“This book does not introduce new offensive structures or defensive schemes.” 

“Instead, this book was originally conceived as an aid to coaches in a more general manner. The most obvious specific contribution is through several statistical measures.”

Key Takeaways: Chapters 1 & 2

  • What to Expect
  • Score Sheet
  • Intro to PPP

Former NBA/WNBA Front Office and Assistant Coach Dean Oliver starts with ‘How to Read’ Basketball on Paper. For us coaches,

“It was created to compliment the coaching you already do and to provide insights for making that coaching more effective.”

And that is exactly how I hope to read it because if I get caught up in the formulas or the science, this could be a very long read for me. Some of the questions that were brought up early:

  • What goals does a team have? To win now? To win later? To win this game? To win a title?
  • In what ways does teammate interaction matter? Is teamwork adequately represented in existing stats? What purpose do plays and different offensive sets serve in terms of enhancing teamwork?
  • Does defense win championships? Does rebounding win titles? What is the value of a time-out?
  • Are there good rules of thumb for applying different game strategies?
  • What are good ways to assess the value of individual players? What are the pros and cons of different statistics How should a coach use statistics in the context of the job?

These questions seem to provide a good roadmap of what you can hope to answer by the end of this book.

Score Sheets


The score sheet is like a statistician’s play-by-play transcript of the game. By detailing every possession using the shot-chart location map from above; the score sheet is written in a shorthanded way to describe the action of the game as it ensues (similar to keeping the scorebook in baseball).

106 BOS 3D 00 3 44 33 ++X (3pt)
107 LA 32 33PF(00)*x TIME (0:07) 32 +2 (Hook!)

Above is a sample of two possessions Dean Oliver scribed from his first score sheet in 1987 during the matchup between the Boston Celtics and L.A. Lakers during Game 4 of the NBA Finals. A quick crash course on reading a score sheet; the 1st column identifies the score during the possession indicating after the Lakers final possession they took the lead 107 to 106. The middle column is the play-by-play with each jersey number representing a pass during the possession and letters (typically in subscript) like “D” indicating a dribble move or “PF” for a personal foul. The final column finalizes the possession by acknowledging a missed or made field goal attempt that went assisted (++) or unassisted (+) followed by the designated number or letter to show where the shot was attempted.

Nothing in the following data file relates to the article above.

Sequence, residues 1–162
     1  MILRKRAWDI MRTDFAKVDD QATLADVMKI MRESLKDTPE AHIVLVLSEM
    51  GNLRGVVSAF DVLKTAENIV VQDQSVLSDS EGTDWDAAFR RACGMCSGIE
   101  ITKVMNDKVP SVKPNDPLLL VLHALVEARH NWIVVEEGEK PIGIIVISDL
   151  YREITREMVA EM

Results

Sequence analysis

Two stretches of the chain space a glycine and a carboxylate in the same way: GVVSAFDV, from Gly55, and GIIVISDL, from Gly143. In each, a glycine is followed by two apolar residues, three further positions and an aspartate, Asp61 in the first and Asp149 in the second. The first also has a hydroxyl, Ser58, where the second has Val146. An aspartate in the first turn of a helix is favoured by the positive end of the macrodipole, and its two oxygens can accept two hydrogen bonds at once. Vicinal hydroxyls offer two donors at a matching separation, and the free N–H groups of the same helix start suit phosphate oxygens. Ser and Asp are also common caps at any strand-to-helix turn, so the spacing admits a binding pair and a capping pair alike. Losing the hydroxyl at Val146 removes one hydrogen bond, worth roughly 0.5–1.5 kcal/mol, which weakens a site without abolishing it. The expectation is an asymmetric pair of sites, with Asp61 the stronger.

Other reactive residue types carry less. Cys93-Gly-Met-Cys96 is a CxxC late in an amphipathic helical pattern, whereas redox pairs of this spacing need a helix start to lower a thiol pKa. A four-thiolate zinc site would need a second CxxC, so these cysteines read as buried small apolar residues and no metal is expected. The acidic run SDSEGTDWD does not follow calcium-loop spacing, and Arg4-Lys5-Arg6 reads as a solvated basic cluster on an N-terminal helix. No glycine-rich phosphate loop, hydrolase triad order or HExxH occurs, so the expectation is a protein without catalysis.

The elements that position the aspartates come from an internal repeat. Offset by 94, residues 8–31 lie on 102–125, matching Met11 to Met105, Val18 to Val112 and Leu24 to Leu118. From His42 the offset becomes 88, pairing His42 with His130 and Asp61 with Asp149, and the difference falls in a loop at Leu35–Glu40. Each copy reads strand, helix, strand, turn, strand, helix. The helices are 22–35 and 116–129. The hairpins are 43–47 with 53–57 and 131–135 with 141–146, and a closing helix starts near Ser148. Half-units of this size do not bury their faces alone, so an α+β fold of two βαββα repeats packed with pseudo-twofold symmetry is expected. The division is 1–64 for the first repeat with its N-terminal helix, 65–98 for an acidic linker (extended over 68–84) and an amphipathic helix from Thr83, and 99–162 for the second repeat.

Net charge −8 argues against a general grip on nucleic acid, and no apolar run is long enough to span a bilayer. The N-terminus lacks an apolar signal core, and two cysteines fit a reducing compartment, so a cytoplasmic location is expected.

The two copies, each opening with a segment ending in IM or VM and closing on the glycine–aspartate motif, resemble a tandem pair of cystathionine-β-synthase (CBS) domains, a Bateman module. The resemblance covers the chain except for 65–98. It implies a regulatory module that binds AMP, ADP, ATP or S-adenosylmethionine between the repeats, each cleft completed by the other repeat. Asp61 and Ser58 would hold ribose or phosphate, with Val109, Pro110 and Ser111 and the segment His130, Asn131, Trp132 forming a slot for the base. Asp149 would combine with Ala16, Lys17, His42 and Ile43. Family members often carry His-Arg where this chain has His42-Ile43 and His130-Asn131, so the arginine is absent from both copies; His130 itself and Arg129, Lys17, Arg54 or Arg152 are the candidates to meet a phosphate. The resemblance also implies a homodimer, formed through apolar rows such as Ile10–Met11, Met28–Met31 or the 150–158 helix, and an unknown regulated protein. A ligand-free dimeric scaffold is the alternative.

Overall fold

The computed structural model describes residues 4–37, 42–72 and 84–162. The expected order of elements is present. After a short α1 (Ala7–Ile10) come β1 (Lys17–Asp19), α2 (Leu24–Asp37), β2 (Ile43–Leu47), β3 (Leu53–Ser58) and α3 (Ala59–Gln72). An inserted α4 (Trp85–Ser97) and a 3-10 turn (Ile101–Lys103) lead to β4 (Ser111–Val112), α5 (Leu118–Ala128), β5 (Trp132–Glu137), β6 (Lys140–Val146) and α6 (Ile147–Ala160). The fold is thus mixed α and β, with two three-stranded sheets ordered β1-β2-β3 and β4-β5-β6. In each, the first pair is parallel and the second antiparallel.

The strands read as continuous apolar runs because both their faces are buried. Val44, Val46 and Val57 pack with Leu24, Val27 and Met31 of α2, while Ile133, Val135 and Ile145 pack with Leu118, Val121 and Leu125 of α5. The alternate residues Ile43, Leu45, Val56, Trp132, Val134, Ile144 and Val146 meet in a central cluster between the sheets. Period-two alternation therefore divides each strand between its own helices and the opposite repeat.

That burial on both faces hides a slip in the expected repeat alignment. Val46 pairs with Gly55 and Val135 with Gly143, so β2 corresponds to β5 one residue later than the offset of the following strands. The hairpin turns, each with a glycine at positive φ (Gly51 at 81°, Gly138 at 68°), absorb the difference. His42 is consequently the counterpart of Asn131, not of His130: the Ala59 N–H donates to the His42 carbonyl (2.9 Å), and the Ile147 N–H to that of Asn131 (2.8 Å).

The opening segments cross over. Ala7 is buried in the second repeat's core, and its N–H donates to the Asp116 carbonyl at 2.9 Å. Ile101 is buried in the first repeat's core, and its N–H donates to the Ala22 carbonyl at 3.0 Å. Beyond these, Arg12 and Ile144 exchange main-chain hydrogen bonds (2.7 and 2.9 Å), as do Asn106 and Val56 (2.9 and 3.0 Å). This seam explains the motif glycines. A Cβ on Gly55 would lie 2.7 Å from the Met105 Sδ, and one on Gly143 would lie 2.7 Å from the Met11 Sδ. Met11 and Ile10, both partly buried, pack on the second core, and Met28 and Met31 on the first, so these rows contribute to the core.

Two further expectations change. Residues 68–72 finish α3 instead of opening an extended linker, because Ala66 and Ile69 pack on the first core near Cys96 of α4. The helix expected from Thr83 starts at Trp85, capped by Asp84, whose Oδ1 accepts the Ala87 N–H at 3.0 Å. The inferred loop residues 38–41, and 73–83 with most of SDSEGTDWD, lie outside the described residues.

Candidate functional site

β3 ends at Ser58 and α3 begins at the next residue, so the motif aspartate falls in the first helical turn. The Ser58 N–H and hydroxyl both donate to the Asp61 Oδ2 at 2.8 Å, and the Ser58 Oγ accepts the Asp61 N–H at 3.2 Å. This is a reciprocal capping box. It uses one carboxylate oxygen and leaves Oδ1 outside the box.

Try to see if you can follow along with the clip:

These are the back-to-back possessions from the score sheet diagrammed above.

What did the Score Sheet accomplish? And why does it matter today?

“Thinking in terms of possessions and efficiency is the biggest thing that comes out of scoring a game with the score sheet above.”

The two key-terms recognized by most are possessions and efficiency, this, in turn, introduces the concept of points per possession. Dean Oliver admits to not being the first person to recognize offensive/defensive ratings via PPP (see Defensive Basketball by Frank McGuire); however, Oliver was on a mission to reveal that totals from a statistical measurement are no longer the benchmark for success.

Tempo wins the press conference; it doesn’t always win games. An increased number of possessions can inflate total points scored, or scored against. If you aren’t capitalizing on the majority of the total number of possessions more than the opponent, it really doesn’t matter how fast you play. Points per possession became an instrumental statistic evaluating the efficiency of those possessions.

“Separating pace from estimates of quality allows a lot of useful analysis to be done on teams and players.”



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